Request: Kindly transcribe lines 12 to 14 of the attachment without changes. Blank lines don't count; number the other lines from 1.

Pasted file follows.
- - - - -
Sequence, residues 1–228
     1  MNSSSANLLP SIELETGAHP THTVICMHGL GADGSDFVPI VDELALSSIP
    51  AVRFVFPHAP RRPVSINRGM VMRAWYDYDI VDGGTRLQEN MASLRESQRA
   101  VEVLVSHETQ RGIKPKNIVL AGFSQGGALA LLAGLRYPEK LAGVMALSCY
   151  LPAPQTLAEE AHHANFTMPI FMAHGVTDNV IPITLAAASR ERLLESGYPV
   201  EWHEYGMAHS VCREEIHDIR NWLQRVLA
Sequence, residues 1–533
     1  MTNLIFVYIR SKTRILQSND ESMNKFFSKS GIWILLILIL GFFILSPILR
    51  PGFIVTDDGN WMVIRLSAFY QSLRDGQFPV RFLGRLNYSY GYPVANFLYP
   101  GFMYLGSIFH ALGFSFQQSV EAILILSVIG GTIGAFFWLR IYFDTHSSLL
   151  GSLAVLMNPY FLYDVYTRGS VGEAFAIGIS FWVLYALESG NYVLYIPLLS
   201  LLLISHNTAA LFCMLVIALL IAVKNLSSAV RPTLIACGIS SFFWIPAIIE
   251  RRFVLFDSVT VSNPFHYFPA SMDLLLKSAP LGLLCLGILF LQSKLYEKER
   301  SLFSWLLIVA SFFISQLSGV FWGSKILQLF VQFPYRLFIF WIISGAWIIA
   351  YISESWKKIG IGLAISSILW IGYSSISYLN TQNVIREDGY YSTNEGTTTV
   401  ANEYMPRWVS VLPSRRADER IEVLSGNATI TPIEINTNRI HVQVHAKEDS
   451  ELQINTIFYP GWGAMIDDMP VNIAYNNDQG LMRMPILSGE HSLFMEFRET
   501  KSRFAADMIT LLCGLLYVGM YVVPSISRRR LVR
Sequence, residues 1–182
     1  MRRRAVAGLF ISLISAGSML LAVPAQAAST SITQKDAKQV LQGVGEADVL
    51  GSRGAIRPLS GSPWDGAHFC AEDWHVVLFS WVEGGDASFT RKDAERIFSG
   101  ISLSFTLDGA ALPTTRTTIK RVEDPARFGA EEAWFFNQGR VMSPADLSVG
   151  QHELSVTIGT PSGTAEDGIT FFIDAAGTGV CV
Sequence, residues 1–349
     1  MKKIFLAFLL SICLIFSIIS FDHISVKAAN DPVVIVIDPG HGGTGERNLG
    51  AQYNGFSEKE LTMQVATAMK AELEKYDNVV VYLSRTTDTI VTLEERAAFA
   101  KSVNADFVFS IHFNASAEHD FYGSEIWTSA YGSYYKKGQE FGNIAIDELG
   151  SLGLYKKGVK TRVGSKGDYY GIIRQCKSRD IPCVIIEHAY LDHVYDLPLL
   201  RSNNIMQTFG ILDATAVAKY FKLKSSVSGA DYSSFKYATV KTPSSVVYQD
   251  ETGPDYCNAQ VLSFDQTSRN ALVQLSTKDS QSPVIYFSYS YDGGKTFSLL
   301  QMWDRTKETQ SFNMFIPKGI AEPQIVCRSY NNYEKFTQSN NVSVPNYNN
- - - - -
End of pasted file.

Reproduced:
   201  LLLISHNTAA LFCMLVIALL IAVKNLSSAV RPTLIACGIS SFFWIPAIIE
   251  RRFVLFDSVT VSNPFHYFPA SMDLLLKSAP LGLLCLGILF LQSKLYEKER
   301  SLFSWLLIVA SFFISQLSGV FWGSKILQLF VQFPYRLFIF WIISGAWIIA